Sculpture gardens! Labyrinths! Literary walks! Oh my!
It’ll probably be a minute before any of us are standing shoulder to shoulder in an amusement park or crowding into our favorite booth at a packed restaurant.
But! There are many, many inspiring public spaces that can be safely enjoyed in the fresh air while standing six feet away from each other.
Obviously, before you head over, double check that these attractions are currently open. As more and more states re-open, these open-air sites are likely to be some of the first that invite the public back.
1. Denver, CO: The Denver Botanic Gardens
The Denver Botanic Gardens is home to a huge collection of cold-weather plants and flowers that thrive in Denver’s high altitude. Don’t miss the Sam Mitchel Herbarium of Fungi – there are more than 20,000 specimens!
2. Phoenix, AZ: Desert Botanical Gardens
The Desert Botanical Gardens in Phoenix specialize – obviously – in desert plants, including cacti species from around the world. If you’re visiting after dark in October through May, check out the Electric Desert exhibit!
3. Coral Gables, FL: Fairchild Tropical Botanic Gardens
Stop by the Fairchild Tropical Botanic Gardens in Coral Gables, FL to check out exotic butterflies, rare orchids and a tropical fruit pavilion where you can see a durian fruit tree, vanilla orchids, mangosteen and cacao trees. Yum!
4. Bentonville, AR: Crystal Bridges Museum of American Art
Tucked in the northeastern corner of Arkansas, the Crystal Bridges Museum of American Art is an indoor and outdoor museum that is home to 3.5 miles of trails that showcase 20 works of art. Best of all? It’s free!
5. Milwaukee, WI: Lynden Sculpture Garden
View 50+ pieces of modern art arranged across gently rolling lawn, woodlands and lake in Milwaukee at the Lynden Sculpture Garden. Keep an eye out for the polka dot cows grazing near the water’s edge!
6. New Windsor, NY: Storm King Art Center
Arguably the most famous sculpture park in the country, Storm King Art Center boasts 130 pieces spread over 500 beautiful acres. If you’re looking for a day trip from NYC, New Windsor is the destination for you.
Sure, LA and NYC have great street art. But you can find some incredible murals and artistic graffiti outside the big cities, too.
7. Fort Smith, AR
Begun as a downtown revitalization project, Fort Smith’s street art has made the town of 87,000 a world-class destination for modern art. As of 2020, there are more than 30 pieces of outdoor art, including murals that cover four-story grain silos and a two-story owl.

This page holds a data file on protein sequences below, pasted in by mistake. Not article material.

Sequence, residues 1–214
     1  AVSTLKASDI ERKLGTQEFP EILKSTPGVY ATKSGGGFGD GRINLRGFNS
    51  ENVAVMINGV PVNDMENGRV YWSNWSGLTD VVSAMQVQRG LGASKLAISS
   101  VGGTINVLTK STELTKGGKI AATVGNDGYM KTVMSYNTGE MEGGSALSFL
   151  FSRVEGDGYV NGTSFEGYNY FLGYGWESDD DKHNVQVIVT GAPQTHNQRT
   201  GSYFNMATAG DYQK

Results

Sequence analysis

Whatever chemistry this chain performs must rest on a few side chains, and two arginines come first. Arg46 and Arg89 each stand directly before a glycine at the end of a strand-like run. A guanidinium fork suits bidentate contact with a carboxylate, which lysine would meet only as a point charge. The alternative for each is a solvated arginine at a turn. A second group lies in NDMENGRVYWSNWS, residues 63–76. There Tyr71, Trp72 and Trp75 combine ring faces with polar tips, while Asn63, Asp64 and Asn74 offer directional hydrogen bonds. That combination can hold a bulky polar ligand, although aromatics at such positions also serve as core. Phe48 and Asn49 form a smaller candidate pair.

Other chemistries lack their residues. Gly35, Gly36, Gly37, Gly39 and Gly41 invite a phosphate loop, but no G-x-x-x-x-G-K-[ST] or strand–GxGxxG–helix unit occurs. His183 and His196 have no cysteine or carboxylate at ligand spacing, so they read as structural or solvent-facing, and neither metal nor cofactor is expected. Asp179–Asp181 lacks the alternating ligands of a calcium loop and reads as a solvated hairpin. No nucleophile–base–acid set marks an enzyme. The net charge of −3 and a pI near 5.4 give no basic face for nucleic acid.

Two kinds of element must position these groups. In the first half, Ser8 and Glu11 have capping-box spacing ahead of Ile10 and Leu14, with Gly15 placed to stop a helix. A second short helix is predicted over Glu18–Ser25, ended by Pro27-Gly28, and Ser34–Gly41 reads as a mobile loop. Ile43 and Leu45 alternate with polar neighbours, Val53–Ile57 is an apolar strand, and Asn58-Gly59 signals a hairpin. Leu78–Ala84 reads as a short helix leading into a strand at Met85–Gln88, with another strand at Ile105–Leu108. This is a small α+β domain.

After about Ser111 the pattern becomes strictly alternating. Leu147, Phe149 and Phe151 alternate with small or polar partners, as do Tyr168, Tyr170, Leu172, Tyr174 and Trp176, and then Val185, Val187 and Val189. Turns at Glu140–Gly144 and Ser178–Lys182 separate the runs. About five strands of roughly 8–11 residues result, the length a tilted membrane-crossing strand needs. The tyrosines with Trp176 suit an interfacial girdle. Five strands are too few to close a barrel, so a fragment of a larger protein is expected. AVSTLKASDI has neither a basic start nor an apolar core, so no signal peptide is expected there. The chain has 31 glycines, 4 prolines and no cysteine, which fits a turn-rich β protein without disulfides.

8. Indianapolis, IN
Indianapolis has an entire website devoted to their street art and helping you find it. Some favorites include a colorful portrait of Abraham Lincoln, a three-story mural of Indianapolis native Kurt Vonnegut, and an illusionist mural designed to look like a butterfly-filled shadow box.
9. Sacramento, CA
10. Boston, MA
Boston is rife with landmarks of literary importance – Edgar Allan Poe’s birthplace, the spot where Rodgers and Hammerstein wrote the title song for “Oklahoma!” and Nathanial Hawthorne’s residence. Take yourself on a self-guided tour with this map.
11. Key West, FL
We all know Ernest Hemingway made a home in Key West, but did you know the city also played host to Shel Silverstein, Tennessee Williams and Robert Frost? Take a guided tour or try a self-guided audio tour.
12. Iowa City, IA
Home to the world-renowned Iowa City Writers’ Workshop, it’s no surprise that Iowa City celebrates its literary heritage on its very sidewalks. The Literary Walk is “comprised of a series of bronze relief panels that feature authors’ words as well as attribution. The panels are visually connected by a series of general quotations about books and writing stamped into the concrete sidewalk.” You’ll find quotes from authors like Bill Bryson, Sandra Cisneros and John Irving.
Labyrinths are mazes’ less complicated cousins – they have a singular path that leads to the middle. You can’t get lost! The result is something akin to a walking meditation (rather than getting lost and frustrated).
13. Kansas City, MO: Glass Labyrinth, Nelson-Atkins Museum of Art
14. New Harmony, IN: Harmony Labyrinth
The Harmony Labyrinth is a shrub labyrinth that was built in the early 19th century by the Rappites, an ultra-religious German society who used it for meditation and reflection. The Rappites took a vow of celibacy, so the group eventually died out, but the New Harmony-based labyrinth remains with free admission and a shortcut to the center for the more impatient among us.